For aiding in tumor localization and ROI placement, a micro computed tomography [CT] scan was performed directly after the FMT measurement using the dual energy system Tomoscope Duo CT (CT Imaging GmbH, Erlangen, Germany). The mice were kept anesthetized and fixed in the animal bed as for FMT. The following scan protocol was used: Both tubes ran at energies of 65 kV. Each flat panel detector acquired 720 projections at 25 frames per second. A full rotation was performed with a total scan time of 29 s. A Feldkamp algorithm was used for image reconstruction with an isotropic voxel size of 70 μm and a sharp reconstruction kernel (T60). After a total time of a maximum of 10 min for the FMT and CT measurements, the mice were sacrificed and the tumors were resected.
Quantitative uptake of 99 mTc-HYNIC-Annexin V in tumors and muscle
For assessing apoptosis by a radioactive probe, we employed the tracer 99 mTc-HYNIC-Annexin V as described . The preparation of 99 mTc-HYNIC-Annexin V was adapted to that of Blankenberg et al. . In brief, 200 μl of 99 mTcO4 was mixed with 150 μl of HYNIC-Annexin V-tricine solution (41 μg HYNIC-Annexin V, 115 mM tricine). After dilution with 130 μl saline, 20 μl stannous chloride (1 mg/ml in 0.05 M HCl) was added, and the reaction mixture was incubated for 15 min at room temperature. The radiochemical purity was determined by instant thin layer chromatography.
Ten to fifteen megabecquerel of 99 mTc-HYNIC-Annexin V (0.0575 nmol) was injected intravenously into each mouse 2 h prior to sacrifice. For quantitative determination of the tracer uptake, tumor, liver, and muscle tissues were resected and measured ex vivo by gamma counting (Wizard2; PerkinElmer Inc., Waltham, MA, USA). The number of counts measured in the tumor, liver, and muscle tissues was corrected for the injected dose per animal and the radioactive decay (t 1/2 (99 mTc) = 6.01 h). The tracer uptake was expressed as tumor-to-muscle ratio normalized to tissue weight.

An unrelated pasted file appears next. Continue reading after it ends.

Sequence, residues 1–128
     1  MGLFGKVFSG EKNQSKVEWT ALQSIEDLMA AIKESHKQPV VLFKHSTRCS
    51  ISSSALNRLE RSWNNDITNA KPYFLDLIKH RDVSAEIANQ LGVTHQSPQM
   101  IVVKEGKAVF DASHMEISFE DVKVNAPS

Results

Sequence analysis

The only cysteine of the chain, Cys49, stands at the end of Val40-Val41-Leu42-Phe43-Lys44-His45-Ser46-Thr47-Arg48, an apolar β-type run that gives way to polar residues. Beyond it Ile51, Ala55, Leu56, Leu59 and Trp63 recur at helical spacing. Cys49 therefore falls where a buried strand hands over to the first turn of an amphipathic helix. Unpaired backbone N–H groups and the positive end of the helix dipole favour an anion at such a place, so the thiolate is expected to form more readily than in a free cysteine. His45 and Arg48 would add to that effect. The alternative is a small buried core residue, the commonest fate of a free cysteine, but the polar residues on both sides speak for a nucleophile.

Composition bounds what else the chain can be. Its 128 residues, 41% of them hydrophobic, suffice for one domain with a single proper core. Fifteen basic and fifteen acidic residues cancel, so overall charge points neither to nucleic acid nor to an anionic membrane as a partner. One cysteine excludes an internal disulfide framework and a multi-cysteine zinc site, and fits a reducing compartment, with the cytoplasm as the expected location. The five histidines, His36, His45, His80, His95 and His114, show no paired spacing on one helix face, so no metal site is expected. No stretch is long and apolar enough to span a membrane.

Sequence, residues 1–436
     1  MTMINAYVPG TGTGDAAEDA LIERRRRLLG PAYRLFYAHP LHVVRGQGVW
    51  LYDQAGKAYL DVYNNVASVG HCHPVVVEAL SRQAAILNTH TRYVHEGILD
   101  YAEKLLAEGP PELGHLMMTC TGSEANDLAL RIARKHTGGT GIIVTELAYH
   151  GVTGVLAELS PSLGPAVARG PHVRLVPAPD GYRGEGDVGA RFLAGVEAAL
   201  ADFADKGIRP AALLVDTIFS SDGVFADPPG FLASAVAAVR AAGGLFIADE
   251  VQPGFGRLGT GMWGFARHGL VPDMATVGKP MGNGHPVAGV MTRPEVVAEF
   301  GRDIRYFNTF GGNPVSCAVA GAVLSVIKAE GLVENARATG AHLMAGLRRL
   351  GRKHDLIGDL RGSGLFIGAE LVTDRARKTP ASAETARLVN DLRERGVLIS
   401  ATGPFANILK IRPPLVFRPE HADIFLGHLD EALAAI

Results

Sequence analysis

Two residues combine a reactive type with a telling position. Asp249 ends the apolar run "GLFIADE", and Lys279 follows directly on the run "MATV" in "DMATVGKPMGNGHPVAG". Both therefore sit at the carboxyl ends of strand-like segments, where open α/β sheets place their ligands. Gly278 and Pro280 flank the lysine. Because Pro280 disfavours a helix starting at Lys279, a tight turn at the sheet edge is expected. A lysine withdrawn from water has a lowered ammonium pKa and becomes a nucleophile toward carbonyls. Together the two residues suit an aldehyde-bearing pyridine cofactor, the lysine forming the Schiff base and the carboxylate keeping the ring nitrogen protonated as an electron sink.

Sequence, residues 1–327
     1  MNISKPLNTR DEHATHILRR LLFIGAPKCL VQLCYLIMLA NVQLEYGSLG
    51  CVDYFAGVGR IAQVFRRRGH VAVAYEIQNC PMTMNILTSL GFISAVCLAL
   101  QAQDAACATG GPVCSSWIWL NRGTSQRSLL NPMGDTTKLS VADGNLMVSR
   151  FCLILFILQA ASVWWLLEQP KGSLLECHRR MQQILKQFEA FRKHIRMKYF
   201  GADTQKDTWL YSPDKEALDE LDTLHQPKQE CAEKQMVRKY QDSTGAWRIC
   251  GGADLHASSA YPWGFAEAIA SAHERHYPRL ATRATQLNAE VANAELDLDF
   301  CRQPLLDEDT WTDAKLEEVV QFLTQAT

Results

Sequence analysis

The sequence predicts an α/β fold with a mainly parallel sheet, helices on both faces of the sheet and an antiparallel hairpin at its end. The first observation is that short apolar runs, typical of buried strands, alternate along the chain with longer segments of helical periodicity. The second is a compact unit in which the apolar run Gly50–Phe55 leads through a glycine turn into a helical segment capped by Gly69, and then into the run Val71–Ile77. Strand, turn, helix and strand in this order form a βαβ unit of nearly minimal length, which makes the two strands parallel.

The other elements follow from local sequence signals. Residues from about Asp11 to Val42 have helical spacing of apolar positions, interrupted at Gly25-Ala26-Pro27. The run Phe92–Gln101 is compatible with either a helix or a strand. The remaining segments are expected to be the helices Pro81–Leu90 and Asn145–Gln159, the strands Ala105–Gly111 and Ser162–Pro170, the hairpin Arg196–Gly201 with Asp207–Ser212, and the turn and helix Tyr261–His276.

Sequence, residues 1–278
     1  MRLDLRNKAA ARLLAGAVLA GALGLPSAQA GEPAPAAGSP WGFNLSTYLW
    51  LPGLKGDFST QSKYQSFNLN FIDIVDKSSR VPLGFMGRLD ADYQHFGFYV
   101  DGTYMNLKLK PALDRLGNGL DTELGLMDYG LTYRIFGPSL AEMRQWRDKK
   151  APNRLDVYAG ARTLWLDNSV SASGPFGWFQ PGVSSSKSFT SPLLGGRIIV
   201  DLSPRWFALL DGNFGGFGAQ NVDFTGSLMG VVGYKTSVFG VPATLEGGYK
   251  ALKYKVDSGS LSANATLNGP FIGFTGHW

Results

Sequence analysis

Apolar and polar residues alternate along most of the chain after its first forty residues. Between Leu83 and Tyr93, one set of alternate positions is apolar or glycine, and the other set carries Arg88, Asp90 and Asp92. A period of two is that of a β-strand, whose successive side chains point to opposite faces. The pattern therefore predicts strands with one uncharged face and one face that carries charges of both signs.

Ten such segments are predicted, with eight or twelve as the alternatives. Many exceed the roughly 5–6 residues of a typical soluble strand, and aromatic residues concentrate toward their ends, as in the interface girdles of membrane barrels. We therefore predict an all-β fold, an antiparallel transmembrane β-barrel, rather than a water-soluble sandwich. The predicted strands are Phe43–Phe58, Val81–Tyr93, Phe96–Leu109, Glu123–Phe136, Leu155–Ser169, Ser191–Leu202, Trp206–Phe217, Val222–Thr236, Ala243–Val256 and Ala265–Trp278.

For validation, resected tumors were frozen in liquid nitrogen vapor and cut in 8- to 10-μm slices. Fixation of the frozen sections and the staining procedure were performed as described . Primary antibodies against CD31 (rat anti-mouse PECAM-1; BD Biosciences, Heidelberg, Germany) for endothelial cell staining, alpha smooth muscle actin [SMA] (biotinylated mouse anti-SMA; Progen Biotechnik GmbH, Heidelberg, Germany) for staining of mature vessels, and collagen IV (rabbit anti-collagen IV; Novotec, Saint Martin La Garenne, France) for vessel staining, as well as corresponding secondary antibodies were used . Cell nuclei were counterstained by 4',6-diamidino-2-phenylindole [DAPI] (Invitrogen, Carlsbad, CA, USA). Apoptotic cells in the tissue were detected by terminal deoxynucleotidyl transferase-mediated dUTP nick end labeling [TUNEL] staining using the 'In Situ Cell Death Detection Kit, TMR red' (Roche Diagnostics GmbH, Mannheim, Germany). Stained sections were examined and photographed with the Zeiss Axio Imager M2 (Carl Zeiss MicroImaging GmbH, Köln, Germany).